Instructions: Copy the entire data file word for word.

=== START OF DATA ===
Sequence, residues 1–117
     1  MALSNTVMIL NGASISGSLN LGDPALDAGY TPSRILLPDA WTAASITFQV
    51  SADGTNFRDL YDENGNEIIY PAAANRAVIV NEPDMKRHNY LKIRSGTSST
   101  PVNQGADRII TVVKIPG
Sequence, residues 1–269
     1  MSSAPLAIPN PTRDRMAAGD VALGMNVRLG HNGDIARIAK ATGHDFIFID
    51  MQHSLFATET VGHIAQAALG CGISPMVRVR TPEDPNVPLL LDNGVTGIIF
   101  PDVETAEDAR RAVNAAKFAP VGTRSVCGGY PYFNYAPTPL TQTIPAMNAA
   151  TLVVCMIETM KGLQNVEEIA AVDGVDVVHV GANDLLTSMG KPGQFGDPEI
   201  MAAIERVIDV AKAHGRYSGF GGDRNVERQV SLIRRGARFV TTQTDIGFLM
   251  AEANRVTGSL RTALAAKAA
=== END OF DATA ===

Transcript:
Sequence, residues 1–117
     1  MALSNTVMIL NGASISGSLN LGDPALDAGY TPSRILLPDA WTAASITFQV
    51  SADGTNFRDL YDENGNEIIY PAAANRAVIV NEPDMKRHNY LKIRSGTSST
   101  PVNQGADRII TVVKIPG
Sequence, residues 1–269
     1  MSSAPLAIPN PTRDRMAAGD VALGMNVRLG HNGDIARIAK ATGHDFIFID
    51  MQHSLFATET VGHIAQAALG CGISPMVRVR TPEDPNVPLL LDNGVTGIIF
   101  PDVETAEDAR RAVNAAKFAP VGTRSVCGGY PYFNYAPTPL TQTIPAMNAA
   151  TLVVCMIETM KGLQNVEEIA AVDGVDVVHV GANDLLTSMG KPGQFGDPEI
   201  MAAIERVIDV AKAHGRYSGF GGDRNVERQV SLIRRGARFV TTQTDIGFLM
   251  AEANRVTGSL RTALAAKAA